Is Mariners’ J.P. Crawford truly making a leap at the plate?
That haven’t been a lot of hits lately to go around for the Mariners, but that just makes what shortstop J.P. Crawford is doing offensively early on this season all the more impressive.
After recording a single Thursday, one of just five hits Seattle had all night in a 4-3 loss to the Tampa Bay Rays, Crawford has now registered a knock in 13 of his last 14 games. He also has 11 multi-hit games already, and he currently owns one of the better slash lines in all of baseball – .363/.454/.582 for a 1.036 OPS.
Those numbers are big, and they might seem out of character for a player who hit .273 with a .714 OPS and nine home runs last season. Then again, it could actually be the start of a year where he shatters those career-high marks from 2021.
There’s good reason to think that could be the case, as Mariners general manager and president of baseball operations Jerry Dipoto explained during his weekly show Thursday on Seattle Sports Station.
“We’ve seen that before from J.P. – we’ve seen it in June of last year, we saw it briefly in May or June of 2019 when he first came to the big leagues,” Dipoto said about Crawford going on a tear like he has been on in the opening weeks of this season. “And what J.P. is doing now that makes it more sustainable is he is controlling the strike zone in ways that most other players in the league just don’t.”
Crawford has struck out just 13 times in 26 games, drawing walks just as often and reaching base an additional three times by being hit by pitches. As a result, he leads the American League in both batting average and on-base percentage, and Dipoto said Crawford’s plate discipline is also a factor in him hitting the ball with more authority. Crawford’s four homers already have him nearing halfway to his career-high even though there’s still about 84% of the season to go.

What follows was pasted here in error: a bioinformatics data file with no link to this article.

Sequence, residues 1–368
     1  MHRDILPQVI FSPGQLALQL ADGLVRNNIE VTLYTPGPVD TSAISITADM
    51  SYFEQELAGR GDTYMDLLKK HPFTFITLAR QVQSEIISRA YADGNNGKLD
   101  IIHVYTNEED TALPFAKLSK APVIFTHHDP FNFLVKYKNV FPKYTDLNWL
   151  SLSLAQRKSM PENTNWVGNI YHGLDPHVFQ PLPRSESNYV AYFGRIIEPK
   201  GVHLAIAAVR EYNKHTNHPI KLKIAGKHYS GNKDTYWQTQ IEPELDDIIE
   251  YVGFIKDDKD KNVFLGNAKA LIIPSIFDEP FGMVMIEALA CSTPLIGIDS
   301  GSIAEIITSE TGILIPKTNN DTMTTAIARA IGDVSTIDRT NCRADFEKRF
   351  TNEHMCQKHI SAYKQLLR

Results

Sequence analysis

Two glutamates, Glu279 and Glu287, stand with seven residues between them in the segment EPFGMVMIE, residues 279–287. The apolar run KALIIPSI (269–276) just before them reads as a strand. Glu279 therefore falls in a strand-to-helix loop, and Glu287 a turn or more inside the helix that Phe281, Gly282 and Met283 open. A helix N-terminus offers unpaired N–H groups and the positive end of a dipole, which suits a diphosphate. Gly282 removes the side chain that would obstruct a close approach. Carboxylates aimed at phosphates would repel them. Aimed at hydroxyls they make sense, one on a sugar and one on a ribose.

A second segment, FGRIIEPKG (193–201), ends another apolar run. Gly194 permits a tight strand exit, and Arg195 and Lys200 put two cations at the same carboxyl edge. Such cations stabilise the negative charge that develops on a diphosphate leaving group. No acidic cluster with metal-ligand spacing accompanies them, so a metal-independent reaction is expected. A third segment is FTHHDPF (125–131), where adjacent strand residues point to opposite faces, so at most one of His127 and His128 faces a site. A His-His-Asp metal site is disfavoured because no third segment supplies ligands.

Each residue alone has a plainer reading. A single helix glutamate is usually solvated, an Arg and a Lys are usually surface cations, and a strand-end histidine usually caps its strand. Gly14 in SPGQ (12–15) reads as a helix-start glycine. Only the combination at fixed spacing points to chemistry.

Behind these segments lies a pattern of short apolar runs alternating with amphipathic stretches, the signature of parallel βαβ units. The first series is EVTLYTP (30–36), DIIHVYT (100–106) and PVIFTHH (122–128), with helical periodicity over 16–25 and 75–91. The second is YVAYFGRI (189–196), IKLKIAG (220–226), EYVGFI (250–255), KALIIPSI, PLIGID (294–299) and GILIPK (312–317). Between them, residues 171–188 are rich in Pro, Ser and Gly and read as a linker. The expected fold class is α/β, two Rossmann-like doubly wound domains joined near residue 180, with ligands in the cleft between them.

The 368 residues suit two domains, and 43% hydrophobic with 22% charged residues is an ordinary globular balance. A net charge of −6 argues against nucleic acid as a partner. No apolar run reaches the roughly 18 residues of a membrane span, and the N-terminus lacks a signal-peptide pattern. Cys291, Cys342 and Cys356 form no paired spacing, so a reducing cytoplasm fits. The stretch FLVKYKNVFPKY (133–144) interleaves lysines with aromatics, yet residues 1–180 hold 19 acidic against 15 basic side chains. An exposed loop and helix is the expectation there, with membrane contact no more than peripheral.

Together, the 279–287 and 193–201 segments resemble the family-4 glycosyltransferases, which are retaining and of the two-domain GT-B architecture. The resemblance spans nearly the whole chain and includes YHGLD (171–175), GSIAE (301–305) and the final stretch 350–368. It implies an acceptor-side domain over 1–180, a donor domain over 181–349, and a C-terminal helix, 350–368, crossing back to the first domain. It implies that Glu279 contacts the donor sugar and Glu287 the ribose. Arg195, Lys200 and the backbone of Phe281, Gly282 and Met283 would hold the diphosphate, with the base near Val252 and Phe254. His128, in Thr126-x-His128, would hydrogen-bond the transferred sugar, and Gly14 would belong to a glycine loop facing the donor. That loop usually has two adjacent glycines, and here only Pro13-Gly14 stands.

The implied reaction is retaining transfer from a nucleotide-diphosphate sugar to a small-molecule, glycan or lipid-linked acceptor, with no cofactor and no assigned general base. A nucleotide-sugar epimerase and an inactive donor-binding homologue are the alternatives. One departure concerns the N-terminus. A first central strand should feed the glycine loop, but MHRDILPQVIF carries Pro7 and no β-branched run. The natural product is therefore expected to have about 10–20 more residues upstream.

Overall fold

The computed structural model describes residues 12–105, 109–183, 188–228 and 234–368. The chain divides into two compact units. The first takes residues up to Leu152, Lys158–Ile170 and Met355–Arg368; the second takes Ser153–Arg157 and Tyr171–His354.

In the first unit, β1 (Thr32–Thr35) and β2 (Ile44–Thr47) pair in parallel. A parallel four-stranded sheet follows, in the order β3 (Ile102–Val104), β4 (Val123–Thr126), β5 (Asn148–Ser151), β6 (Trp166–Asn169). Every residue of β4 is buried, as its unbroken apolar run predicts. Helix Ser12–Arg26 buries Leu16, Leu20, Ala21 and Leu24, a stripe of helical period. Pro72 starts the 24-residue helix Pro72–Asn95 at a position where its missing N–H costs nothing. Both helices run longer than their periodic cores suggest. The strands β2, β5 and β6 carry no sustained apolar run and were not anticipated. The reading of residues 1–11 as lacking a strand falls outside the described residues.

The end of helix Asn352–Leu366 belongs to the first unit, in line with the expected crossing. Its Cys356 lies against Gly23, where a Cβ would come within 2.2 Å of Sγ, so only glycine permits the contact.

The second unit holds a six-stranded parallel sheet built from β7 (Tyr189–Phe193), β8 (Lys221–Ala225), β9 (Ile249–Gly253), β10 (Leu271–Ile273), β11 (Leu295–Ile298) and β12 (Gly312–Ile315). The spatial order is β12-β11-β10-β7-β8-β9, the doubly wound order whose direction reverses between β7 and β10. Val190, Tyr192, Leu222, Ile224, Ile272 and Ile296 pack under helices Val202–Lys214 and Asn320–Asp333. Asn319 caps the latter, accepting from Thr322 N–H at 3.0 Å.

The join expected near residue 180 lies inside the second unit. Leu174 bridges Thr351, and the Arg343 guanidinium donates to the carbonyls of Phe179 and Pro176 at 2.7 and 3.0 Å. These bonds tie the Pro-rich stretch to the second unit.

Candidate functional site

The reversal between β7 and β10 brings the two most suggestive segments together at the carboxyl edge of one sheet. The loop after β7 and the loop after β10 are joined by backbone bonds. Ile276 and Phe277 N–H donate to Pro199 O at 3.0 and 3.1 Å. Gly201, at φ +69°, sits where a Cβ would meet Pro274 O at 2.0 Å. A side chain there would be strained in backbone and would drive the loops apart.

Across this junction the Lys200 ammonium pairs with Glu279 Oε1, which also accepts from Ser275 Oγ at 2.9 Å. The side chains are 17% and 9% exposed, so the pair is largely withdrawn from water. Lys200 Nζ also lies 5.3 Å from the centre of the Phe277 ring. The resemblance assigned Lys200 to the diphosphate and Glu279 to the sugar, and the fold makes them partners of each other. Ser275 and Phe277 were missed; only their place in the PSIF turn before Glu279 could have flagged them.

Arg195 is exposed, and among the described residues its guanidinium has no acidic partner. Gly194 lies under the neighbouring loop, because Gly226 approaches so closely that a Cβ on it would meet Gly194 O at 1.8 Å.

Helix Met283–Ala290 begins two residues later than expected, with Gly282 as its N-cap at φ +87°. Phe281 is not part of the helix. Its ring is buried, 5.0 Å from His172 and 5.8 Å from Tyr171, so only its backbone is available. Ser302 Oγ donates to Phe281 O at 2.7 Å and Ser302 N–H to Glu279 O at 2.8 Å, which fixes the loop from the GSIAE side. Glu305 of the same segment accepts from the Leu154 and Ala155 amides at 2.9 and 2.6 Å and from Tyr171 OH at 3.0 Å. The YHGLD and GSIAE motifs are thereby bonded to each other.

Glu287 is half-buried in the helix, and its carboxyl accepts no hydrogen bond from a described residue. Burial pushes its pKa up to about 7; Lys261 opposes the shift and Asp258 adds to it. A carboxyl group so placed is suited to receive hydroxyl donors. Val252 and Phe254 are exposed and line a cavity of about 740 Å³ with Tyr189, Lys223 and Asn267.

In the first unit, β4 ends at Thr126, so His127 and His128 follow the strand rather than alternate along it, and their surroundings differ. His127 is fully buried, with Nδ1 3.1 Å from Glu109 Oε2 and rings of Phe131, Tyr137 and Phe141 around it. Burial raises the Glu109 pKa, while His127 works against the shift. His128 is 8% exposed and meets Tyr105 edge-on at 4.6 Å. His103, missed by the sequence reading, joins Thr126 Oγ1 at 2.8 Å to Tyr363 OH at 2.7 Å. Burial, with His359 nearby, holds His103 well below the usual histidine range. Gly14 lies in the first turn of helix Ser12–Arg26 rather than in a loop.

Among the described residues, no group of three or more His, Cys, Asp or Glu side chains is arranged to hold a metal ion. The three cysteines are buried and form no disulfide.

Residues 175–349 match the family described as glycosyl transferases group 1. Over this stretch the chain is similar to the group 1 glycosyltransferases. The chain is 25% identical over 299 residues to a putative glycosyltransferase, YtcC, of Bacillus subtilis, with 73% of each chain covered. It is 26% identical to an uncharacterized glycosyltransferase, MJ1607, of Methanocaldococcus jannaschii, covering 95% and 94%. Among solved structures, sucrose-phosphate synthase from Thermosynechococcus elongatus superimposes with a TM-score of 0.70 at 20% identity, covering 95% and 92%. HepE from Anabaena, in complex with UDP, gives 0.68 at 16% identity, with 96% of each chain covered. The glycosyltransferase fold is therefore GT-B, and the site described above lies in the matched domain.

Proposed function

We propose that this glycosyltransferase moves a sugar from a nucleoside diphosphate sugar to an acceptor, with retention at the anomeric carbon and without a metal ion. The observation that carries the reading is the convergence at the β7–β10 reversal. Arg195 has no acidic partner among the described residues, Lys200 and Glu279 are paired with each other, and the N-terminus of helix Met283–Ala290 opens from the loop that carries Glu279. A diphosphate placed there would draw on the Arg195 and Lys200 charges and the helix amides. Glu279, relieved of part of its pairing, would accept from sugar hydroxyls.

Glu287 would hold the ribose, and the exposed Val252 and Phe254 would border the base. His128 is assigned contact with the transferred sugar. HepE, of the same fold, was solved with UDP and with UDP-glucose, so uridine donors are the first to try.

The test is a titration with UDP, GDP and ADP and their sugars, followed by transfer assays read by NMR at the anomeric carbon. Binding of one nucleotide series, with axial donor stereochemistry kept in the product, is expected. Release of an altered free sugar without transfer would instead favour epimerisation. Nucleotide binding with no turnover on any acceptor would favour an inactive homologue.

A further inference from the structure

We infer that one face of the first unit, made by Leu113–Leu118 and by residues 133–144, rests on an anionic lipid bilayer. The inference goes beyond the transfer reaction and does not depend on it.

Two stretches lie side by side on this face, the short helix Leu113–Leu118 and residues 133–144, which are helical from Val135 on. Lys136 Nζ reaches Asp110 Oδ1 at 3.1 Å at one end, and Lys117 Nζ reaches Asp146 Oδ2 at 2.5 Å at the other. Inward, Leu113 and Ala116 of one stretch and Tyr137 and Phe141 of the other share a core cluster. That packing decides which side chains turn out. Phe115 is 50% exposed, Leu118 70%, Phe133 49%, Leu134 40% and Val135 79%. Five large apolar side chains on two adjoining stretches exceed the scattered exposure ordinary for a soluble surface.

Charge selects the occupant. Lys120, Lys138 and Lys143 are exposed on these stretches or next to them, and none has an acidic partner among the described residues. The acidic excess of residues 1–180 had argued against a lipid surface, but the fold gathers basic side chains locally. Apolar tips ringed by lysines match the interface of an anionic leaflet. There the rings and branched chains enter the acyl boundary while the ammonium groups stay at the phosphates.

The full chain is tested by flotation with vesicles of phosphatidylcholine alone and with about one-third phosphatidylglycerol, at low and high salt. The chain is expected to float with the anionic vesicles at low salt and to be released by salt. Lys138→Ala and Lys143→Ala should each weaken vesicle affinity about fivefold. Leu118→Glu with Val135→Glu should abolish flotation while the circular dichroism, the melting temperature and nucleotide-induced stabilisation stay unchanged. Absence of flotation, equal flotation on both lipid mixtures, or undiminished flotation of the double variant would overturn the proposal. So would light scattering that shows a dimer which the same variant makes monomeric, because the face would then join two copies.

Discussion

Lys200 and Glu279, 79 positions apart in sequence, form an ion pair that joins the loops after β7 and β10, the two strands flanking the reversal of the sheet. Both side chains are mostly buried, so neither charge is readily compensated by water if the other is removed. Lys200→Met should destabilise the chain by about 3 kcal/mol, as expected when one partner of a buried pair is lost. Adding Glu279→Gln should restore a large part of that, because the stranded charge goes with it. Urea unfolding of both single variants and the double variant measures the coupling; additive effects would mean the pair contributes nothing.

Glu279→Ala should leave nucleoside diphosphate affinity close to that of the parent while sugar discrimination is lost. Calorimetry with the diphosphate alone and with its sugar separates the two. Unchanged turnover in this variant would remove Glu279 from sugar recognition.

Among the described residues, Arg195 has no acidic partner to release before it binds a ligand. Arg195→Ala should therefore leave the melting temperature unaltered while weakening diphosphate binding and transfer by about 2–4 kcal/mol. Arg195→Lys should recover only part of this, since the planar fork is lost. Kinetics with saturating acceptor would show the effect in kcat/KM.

Well, that's one way to extend your hitting streak to 🔟 games. pic.twitter.com/IpEgpBqAN2
— Seattle Mariners (@Mariners) May 1, 2022
“He is really refined in the pitches he swings at, and as a result his exit velocities, his batted ball damage right now is considerably greater than it’s ever been,” Dipoto said. “And I do think he’s learned lessons where, you know, it’s hard to believe he’s going to OPS north of 1.000 for a season – that’s really high water – but the things he’s doing will result in a more impactful offensive game.”
Crawford’s strong start to the season is making the Mariners’ decision to sign him to a contract extension, which was announced on opening day, look all that more wise. Did the M’s have any indication improvements would be coming from the bat of a player who was known more for the Gold Glove he won in 2020 than anything else?
“None, other than his age,” Dipoto replied to Seattle Sports’ Mike Salk. “J.P.’s at the apex of what the prime of a player’s career generally looks like – he’s playing his 27-year-old season. He has consistently and methodically gotten better every year that he’s played and there’s no reason that that should stop when you’re 27. That’s when it’s starting to hit its crest. We had a suspicion that he would that he would continue to improve, but this first month has been considerably more than just improving. He has morphed into one of the best players in the league for this month.”
Listen to the full Jerry Dipoto Show in the podcast at this link or in the player below, and catch a new edition live at 8:30 a.m. every Thursday morning during Seattle Sports’ Mike Salk Show.
More from the Jerry Dipoto Show: Kyle Lewis’ timeline, roster thoughts